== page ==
Wednesday, November 19, 2008
Steamboat Springs Jeff Nelson knows it's not easy to fool Mother Nature, but that doesn't mean he hasn't tried.
This year, Nelson, the city's rodeo and ski area supervisor, has been faced with concerns about a tightening budget and another fall season filled with unseasonably warm days and nights.
He said the budget concerns have had less impact than the warm temperatures.
"We chose to wait until Nov.1 to start making snow," Nelson said. "It's not all about the budget. It has more to do with becoming more efficient."
In the past, Nelson said, snowmaking crews have started making snow in October, but unless nighttime temperatures drop below 20 degrees, the machines are not efficient. So this year, crews have taken a different approach.
"We're not saving money. We're not wasting money," Nelson said. "We've been more efficient, and our timing has been better coordinated with the temperatures at night."
Although coaches at the Steamboat Springs Winter Sports Club are eager for authentic conditions, they also understand the challenges of snowmaking.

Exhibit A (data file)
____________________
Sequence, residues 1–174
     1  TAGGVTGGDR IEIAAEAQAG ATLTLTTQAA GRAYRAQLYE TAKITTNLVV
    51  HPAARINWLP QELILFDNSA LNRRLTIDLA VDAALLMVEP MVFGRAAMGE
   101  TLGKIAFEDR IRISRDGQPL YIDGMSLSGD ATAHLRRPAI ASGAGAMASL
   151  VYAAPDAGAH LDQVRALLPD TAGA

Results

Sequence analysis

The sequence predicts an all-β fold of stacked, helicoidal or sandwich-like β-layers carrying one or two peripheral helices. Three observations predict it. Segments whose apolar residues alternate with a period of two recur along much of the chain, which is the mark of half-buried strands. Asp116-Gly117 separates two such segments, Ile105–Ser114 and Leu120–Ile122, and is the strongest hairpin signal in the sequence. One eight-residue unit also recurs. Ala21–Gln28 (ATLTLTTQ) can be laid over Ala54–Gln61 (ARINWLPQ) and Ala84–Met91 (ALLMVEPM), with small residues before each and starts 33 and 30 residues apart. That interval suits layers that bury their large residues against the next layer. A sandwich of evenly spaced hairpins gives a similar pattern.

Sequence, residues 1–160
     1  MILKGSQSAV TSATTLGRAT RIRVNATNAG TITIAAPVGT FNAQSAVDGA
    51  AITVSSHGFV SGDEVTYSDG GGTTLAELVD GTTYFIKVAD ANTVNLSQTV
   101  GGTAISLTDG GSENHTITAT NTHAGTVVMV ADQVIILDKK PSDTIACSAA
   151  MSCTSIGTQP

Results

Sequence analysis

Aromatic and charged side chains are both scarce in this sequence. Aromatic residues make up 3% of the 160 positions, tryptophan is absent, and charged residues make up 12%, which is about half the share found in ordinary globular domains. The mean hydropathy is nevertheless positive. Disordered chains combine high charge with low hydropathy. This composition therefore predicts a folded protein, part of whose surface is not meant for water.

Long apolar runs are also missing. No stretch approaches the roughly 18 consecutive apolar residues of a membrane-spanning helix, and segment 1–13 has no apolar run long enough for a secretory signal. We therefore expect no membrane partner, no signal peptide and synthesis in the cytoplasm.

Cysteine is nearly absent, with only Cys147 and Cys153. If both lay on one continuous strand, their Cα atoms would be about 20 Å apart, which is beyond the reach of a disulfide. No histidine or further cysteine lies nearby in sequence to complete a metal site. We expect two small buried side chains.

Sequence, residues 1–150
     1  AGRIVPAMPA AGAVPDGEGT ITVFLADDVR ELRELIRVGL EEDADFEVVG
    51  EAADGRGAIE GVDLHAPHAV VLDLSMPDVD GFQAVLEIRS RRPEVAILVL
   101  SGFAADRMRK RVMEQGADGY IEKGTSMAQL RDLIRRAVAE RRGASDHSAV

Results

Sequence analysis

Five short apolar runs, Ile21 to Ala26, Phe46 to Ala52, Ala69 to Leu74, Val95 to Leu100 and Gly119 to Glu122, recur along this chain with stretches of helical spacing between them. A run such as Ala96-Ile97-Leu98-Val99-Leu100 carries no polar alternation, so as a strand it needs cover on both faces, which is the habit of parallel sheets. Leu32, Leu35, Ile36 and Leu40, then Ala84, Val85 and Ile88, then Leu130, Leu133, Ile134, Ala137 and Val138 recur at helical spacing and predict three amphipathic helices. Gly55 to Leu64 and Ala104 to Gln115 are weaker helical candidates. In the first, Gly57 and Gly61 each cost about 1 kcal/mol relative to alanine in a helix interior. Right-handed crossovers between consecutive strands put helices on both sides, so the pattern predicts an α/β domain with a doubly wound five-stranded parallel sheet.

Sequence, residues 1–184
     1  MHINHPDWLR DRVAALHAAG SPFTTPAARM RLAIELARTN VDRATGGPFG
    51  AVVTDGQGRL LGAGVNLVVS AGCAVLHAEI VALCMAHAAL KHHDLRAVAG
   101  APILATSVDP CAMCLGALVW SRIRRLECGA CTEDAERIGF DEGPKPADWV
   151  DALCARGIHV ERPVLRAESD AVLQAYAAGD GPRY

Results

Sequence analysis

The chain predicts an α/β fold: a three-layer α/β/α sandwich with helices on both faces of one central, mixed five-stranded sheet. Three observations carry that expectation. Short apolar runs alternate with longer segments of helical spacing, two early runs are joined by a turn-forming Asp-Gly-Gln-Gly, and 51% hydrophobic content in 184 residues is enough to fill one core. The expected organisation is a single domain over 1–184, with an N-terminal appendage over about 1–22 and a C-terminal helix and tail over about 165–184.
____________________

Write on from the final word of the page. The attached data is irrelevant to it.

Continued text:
Several programs have either started or plan to start training on the slopes this week.
Erik Skinner, the Winter Sports Club Freestyle Director, said his skiers already have built a jump and started preparing for the season.
"We've been training here for a week," Skinner said. "Our season is just around the corner, and this is the only way the skiers will be ready in time."
Snowboard Program Director Jon Casson said the snowboarding programs also are planning to start training at the end of the week, and coaches plan to soon set up a few rails and get their athletes back on the snow at Howelsen.
Nordic Program Director Todd Wilson is the first to admit that conditions for getting the jumps open at Howelsen Hill have not been ideal this fall.
But he said he still is optimistic that the HS 100 jump will be ready to use before Thanksgiving.
"We are closing in on it," Wilson said of getting the jumps open. "The city crews have done a great job this fall despite some very big challenges."
Wilson is holding out hope for having the jump ready by next week, but Nelson said it depends more on the temperatures than hope.
"The forecast doesn't look good, but you never know," Nelson said. "Our goal is to get the jumps open as soon as possible every year. But we need some help."
If crews can make enough snow this week, Wilson said he and other volunteers are planning to begin the process of preparing the in-run this weekend. He said he also is waiting for a winch cat - a special groomer used to spread snow on the steep pitches of the ski jumps' out-runs - that is currently being repaired at the city's public works department. He said the groomer is expected to be back and running by the middle of next week.
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